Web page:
WHAT’S THE best car in the world? That is easy: it’s the Ferrari 458 Italia. It’s beautiful and exciting and occupies a perfect central position on a spectrum representing at one end total transport pragmatism and at the other unusable and unaffordable exoticism. The 458 is in the sweet spot.
But the most significant car of all time? That’s a bit harder, and it was the brief for my Cars that Changed the World walk-through exhibition at last week’s London Classic Car Show. With space for just a dozen cars, ruthlessness was demanded. So I’m afraid the Jaguar E-type was out, and so was the Austin 7. The Range Rover as well, and the Audi quattro, the “Blower” Bentley, the Ford Escort RS1800, the Citroën DS and many other cars suggested to me, thank you. And the Volkswagen Golf GTI. Sorry.
In the end I settled on six cars that you would expect to find in such a show — among them the Ford Model T and the VW Beetle — and six more that I believe deserve greater recognition, including Josef Ganz’s Standard Superior (or what’s left of it) and, well, the Honda Civic. And then, in a darkened antechamber, I displayed the car that I believed, above all others, advanced the state of motoring: #the13thcar. I chose the Corgi James Bond Aston Martin DB5. (It’s item No 261 in the 1965 Corgi catalogue, if anyone’s interested.)
Look, childhood is formative, and those of us who love cars loved them first as die-cast toys. In the first year of production more than 2.5m Corgi Bond Astons were sold, making it the fastest-selling car of all time. It was revised and enlarged in 1968 ( No 270, toy nerds) and is about to be relaunched again as a 50th-anniversary tribute. It has therefore been more formative than any other toy car. QED.
The popularity of the Bond Corgi is simple to analyse. It wasn’t just the association with the film Goldfinger, and it certainly wasn’t fidelity. It’s the wrong colour, for a start. Apparently Corgi’s marketing team didn’t like the proposed — and cinematically authentic — silver finish because it looked too much like the raw zinc alloy of the unpainted body, so a hasty decision was made to paint it gold as a nod to the film’s title.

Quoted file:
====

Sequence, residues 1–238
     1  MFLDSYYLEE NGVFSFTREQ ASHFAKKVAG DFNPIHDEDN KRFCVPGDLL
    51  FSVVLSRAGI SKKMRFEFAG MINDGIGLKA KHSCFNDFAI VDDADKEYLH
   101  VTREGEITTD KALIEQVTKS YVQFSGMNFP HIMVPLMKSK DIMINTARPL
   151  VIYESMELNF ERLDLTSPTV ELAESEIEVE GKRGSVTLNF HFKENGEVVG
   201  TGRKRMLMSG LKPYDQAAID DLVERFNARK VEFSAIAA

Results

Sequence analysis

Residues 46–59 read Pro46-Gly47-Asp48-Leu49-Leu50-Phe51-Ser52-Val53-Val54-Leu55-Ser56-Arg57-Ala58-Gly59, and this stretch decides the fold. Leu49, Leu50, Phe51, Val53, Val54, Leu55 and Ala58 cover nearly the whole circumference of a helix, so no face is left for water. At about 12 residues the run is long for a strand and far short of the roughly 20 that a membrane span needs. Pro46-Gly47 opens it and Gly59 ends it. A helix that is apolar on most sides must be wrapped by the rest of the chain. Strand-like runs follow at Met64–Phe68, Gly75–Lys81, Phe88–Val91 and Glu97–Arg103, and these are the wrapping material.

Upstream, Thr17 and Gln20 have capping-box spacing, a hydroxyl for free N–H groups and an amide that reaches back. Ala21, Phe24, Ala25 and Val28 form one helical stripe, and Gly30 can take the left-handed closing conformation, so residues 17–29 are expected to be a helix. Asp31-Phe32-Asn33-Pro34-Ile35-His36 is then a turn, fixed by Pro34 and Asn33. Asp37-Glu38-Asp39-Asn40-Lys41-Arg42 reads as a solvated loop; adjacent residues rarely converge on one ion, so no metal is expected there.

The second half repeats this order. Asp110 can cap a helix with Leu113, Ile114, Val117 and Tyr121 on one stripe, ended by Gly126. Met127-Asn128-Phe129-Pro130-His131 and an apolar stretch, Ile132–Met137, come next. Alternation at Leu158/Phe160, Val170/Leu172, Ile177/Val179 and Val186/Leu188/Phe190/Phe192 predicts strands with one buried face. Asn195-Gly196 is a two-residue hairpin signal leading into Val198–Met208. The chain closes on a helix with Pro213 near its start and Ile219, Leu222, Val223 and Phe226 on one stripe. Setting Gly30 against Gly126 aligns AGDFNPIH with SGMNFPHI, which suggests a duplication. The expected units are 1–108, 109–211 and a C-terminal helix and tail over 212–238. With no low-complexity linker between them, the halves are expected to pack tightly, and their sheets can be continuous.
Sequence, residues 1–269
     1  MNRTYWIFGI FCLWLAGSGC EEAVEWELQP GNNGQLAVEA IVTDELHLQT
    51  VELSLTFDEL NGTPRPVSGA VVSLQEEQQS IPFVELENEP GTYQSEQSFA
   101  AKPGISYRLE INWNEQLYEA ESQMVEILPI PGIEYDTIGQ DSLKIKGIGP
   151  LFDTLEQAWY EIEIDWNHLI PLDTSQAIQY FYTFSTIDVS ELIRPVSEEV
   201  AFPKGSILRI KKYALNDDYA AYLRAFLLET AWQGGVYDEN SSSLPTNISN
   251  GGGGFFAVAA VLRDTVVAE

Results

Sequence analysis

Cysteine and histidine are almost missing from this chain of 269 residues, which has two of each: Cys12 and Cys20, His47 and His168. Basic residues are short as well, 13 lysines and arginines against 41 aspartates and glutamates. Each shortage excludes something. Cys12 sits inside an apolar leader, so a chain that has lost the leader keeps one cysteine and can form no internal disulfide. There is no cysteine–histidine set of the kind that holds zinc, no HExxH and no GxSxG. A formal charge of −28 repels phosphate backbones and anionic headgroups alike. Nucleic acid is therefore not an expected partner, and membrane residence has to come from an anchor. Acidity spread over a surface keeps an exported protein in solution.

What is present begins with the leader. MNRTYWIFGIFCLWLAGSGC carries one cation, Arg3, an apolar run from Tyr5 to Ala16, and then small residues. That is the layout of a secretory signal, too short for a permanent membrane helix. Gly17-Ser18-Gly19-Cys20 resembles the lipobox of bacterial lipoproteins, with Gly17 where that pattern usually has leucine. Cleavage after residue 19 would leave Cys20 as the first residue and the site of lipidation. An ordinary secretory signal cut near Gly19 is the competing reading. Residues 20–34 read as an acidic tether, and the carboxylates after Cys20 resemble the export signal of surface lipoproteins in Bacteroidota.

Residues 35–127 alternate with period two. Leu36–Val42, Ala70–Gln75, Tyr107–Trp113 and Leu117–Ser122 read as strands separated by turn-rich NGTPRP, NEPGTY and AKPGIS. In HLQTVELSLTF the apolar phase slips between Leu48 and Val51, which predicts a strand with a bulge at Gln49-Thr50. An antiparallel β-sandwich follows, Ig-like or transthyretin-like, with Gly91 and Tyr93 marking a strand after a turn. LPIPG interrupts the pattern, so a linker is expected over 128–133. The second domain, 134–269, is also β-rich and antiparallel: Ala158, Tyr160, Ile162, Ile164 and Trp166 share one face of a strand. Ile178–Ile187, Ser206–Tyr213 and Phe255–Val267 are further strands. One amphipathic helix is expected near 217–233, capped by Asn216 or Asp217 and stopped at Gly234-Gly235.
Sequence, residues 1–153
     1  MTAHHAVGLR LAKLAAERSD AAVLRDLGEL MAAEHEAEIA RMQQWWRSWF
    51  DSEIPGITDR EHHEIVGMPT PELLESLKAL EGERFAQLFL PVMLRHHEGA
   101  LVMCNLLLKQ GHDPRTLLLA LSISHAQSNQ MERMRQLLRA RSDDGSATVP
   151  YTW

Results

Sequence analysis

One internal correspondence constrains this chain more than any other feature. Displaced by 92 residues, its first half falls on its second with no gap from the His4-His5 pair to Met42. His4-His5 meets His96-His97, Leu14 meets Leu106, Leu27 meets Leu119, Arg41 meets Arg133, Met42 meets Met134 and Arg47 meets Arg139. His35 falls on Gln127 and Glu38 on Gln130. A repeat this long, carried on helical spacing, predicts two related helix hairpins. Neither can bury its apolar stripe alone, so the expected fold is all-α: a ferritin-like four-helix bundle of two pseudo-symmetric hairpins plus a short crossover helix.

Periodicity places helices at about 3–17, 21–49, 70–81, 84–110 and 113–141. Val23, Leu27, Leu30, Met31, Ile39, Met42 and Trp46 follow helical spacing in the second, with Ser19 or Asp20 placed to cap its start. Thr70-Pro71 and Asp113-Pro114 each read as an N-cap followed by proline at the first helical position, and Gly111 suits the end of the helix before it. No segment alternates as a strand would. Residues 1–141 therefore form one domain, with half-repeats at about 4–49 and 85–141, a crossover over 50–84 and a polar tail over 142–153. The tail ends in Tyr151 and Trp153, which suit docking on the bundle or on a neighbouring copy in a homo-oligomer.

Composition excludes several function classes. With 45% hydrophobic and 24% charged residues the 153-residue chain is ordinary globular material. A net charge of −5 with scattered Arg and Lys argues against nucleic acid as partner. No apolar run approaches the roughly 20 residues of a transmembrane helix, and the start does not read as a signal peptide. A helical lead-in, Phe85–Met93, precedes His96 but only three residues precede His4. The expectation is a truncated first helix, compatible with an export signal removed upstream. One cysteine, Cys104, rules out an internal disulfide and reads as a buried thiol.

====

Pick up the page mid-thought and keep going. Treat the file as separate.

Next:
Classic car bores will also want me to point out that the back of this supposed DB5 is all wrong: the rear lights are too small and the fuel filler cap is in the wrong place, the result of some tooling design from Corgi’s DB4 model being carried over.
The real reason is this. It may not seem it when compared with the iPad, but by the standards of 1965 the Corgi Bond DB5 was a gadget-laden miracle. Rival toy makers were amazed by how much functionality Corgi had worked into a 1:46 scale model a mere 4in long.
It is the working ejector seat that is so deeply ingrained in the consciousness of people about my age. It was an unimaginable marvel
There was the full glazing, detailed interior and working suspension that already characterised Corgi’s cars. Better still, pressing a small button under the left-hand sill extended the front overriders and the two machineguns hidden behind the grille. Pressing the twin exhaust pipes raised the bulletproof shield from the boot. And, most important, pressing another button on the side made the roof spring open and ejected the gun-toting baddie from the passenger seat. Wowzers! Or whatever we said back then.
It is the working ejector seat that is so deeply ingrained in the consciousness of people about my age. It was an unimaginable marvel, albeit one that caused as much frustration as delight.
The problem was that the ejection system was just too powerful. From rewatching Goldfinger I calculate that at 1:46 scale the plastic baddie should be propelled maybe 3in into the air. So I don’t really know what Corgi was thinking back in 1965. It seems to have acquired a job lot of leftover springs from the Lee-Enfield rifle-bolt factory, which were strong enough to send him into low Earth orbit. Even after half a century lying compressed in a loft, the spring in a Corgi Bond DB5 is a lethally primed contraption that clicks menacingly like a pistol in a mock execution.
In fact, the ejection of the baddie from a Corgi Bond DB5 is a quantum event. He is in the seat and then he is somewhere else altogether — there being no discernible transitional phase between the two states. Where did he go? Into the vacuum cleaner. If art imitates the experience of life, then the film should be re-edited so the baddie is ejected by Sean Connery’s 007 and then finished off by a Hoover the size of a skyscraper.